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5 Inherent Reasons For A Runny Nose You Might Not Have Considered!

Anything that disturbs your nasal tissues could trigger a runny nose. If you have influenza or a cold, a runny nose is unavoidable. Under such instances, your runny nose will clear up by itself as the infection progresses. However, a runny nose that does not improve is a symptom of something wrong. See a specialist if you have a chronic runny nose with no obvious cause. Alexis Furze, MD, performs an extensive assessment to get to the underlying cause and resolve your issue. Here, Newport Beach runny nose specialist Dr. Furze discusses some of the common causes of a runny nose.

1)  Deviated Septum

A deviated septum can sometimes cause a persistent runny nose. The nasal septum is a narrow wall that divides the two sides of your nasal passageways. Once this barrier is off-center, it causes a deviated septum.

You might be shocked to discover that most persons have a septal deviation. If the condition is mild, symptoms are less probable. However, a substantially deviated septum may obstruct nasal function by inhibiting your sinuses from draining correctly, leading to a runny nose.

At Alexi Furze, MD, patients could access a septoplasty. This surgery corrects irregularities of the nasal septum, such as its location, to restore nasal functionality.

2)  Allergies

Allergies are another common trigger of nasal symptoms, such as a runny nose. If you experience sneezing, itching, and watery eyes in addition to a runny nose, it is probable you have an allergy.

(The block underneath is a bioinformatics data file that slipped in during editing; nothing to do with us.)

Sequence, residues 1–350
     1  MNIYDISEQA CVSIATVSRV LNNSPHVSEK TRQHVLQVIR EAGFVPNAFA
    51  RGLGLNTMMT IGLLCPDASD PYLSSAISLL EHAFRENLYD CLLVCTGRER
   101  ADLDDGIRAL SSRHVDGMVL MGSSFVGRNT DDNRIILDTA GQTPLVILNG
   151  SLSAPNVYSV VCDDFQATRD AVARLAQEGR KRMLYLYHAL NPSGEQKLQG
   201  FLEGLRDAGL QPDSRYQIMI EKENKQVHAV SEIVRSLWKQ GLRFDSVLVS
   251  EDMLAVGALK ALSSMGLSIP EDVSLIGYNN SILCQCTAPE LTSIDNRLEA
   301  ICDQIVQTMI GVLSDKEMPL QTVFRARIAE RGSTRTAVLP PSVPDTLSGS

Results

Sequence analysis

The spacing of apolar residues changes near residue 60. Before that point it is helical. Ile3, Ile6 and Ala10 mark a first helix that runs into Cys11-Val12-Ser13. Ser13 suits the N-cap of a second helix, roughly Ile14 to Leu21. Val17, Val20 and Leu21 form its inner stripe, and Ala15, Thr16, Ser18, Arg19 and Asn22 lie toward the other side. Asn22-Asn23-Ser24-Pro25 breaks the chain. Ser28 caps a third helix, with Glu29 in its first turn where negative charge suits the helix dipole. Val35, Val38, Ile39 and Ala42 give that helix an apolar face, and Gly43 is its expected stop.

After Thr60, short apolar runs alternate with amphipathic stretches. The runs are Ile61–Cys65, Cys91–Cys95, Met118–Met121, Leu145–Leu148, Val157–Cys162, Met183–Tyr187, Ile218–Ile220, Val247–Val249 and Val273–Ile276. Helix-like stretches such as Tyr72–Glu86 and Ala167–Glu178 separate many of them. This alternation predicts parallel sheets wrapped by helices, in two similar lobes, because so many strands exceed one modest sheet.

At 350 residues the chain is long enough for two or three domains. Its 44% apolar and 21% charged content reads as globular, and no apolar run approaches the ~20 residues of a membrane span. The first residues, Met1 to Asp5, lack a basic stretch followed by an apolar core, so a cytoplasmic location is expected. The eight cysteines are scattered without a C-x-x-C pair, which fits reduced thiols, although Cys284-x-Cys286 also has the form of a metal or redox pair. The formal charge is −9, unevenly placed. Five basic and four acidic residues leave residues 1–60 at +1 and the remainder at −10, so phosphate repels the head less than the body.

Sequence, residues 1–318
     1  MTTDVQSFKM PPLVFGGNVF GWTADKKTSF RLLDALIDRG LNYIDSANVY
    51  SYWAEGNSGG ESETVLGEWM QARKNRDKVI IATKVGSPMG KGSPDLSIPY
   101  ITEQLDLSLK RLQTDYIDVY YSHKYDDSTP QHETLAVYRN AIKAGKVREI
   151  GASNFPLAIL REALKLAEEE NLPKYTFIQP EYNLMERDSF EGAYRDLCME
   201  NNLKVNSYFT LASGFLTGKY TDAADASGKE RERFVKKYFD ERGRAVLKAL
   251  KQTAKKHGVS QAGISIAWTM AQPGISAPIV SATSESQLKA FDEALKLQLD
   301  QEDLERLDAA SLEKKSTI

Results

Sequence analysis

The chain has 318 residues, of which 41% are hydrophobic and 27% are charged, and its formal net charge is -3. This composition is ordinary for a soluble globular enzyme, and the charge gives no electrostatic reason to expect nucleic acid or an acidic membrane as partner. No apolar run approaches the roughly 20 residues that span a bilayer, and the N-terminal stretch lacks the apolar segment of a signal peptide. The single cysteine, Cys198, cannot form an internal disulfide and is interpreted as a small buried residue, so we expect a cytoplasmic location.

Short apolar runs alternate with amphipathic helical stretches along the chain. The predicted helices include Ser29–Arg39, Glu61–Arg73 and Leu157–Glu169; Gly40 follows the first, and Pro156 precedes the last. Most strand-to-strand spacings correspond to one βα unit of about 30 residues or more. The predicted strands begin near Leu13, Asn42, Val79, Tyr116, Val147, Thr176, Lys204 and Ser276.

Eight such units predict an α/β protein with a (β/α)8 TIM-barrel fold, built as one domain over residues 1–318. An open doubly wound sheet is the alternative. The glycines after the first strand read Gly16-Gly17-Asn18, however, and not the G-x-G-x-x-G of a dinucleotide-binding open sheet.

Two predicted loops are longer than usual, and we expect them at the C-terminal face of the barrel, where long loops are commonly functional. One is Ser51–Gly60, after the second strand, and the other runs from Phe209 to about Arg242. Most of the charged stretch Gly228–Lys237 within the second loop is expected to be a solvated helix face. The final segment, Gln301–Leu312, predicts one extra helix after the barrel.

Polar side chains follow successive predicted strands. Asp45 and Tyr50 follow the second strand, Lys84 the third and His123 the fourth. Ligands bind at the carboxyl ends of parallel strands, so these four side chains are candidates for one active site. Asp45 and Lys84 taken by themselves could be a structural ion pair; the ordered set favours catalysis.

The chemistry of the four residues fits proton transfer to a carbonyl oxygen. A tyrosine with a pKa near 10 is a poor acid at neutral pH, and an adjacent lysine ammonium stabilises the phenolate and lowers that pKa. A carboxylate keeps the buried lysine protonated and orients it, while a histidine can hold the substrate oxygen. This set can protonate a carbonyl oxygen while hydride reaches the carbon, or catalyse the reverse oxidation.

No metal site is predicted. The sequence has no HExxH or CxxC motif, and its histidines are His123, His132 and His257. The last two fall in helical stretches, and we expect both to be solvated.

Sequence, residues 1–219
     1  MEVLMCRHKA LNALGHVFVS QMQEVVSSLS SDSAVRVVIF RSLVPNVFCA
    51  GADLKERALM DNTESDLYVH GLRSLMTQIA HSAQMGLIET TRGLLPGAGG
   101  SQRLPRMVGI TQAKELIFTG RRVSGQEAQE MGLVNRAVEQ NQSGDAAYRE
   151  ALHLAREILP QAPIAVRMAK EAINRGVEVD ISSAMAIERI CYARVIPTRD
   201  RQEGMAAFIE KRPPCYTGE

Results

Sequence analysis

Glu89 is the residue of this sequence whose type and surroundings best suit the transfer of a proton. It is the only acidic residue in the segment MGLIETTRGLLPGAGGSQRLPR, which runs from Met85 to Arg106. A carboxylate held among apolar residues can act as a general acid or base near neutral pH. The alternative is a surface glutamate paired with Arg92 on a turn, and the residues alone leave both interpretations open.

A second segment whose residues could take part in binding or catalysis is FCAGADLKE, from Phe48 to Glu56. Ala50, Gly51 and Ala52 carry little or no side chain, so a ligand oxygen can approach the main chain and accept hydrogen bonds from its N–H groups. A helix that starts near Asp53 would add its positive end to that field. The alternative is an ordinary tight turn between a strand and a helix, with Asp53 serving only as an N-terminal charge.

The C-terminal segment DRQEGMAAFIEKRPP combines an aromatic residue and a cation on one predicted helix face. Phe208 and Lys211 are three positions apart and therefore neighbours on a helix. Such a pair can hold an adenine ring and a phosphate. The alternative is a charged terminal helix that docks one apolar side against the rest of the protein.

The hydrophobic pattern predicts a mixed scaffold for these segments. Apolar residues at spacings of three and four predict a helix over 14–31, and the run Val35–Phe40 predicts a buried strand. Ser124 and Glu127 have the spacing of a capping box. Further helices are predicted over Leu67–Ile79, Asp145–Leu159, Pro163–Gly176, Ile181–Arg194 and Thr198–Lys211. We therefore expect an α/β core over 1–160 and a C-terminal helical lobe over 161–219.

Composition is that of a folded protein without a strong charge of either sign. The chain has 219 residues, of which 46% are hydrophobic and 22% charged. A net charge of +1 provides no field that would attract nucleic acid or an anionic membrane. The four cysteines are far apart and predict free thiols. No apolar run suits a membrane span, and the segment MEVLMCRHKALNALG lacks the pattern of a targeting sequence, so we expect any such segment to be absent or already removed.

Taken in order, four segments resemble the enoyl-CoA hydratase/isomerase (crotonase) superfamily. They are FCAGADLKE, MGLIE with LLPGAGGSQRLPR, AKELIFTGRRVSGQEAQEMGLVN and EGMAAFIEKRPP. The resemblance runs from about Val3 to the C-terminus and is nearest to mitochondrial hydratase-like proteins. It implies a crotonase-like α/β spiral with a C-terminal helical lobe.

Allergic rhinitis develops once you inhale anything you are allergic to, such as mold, pet dander, dust mites, and pollen. The body reacts by generating substances like histamine that contribute to the swelling reaction.

In some cases, allergies are seasonal and often happen in summer and spring. Dr. Furze can perform allergy testing to establish if it is an allergy-causing your runny nose.

3)  Chronic Sinusitis

Virtually everybody suffers a runny nose at some point in life. However, if it lasts for weeks on end, it might be chronic sinusitis. Sinuses that are swollen could render your nose congested and prevent proper sinus discharge. In contrast to acute sinusitis, which is often triggered by an infection, chronic sinusitis is often associated with allergies.

4)  Nasal Polyps

Noncancerous developments could often emerge on your nasal passageways’ lining because of asthma, allergies, and recurring illnesses. Typically, nasal polyps are not usually accompanied by symptoms. Nonetheless, if the polyps become more extensive, they may clog your sinuses; thus, causing a runny nose.

5)  COVID-19

The runny nose has been added to the increasing list of COVID-19 symptoms by the Centers for Disease Control and Prevention. This inclusion comes as scientists discover more about COVID-19’s effects on the human body. Other nasal signs and symptoms entail:

  • Loss of taste
  • Loss of odor
  • Nasal congestion

If you think your symptoms are linked to Coronavirus, you must consult a specialist right away.

Are you hitting the store to get some tissues? Sniffing and wiping all the time? Do you have a running nose and are not sure if you will need to leave a social event or meeting? A runny nose that persists is more than an irritation; it could have a substantial impact on your life quality. To determine what is causing your runny nose and access high-quality care, call Alexis Furze, MD, or use the online booking tool to request an appointment today.

About Jeffery Brown

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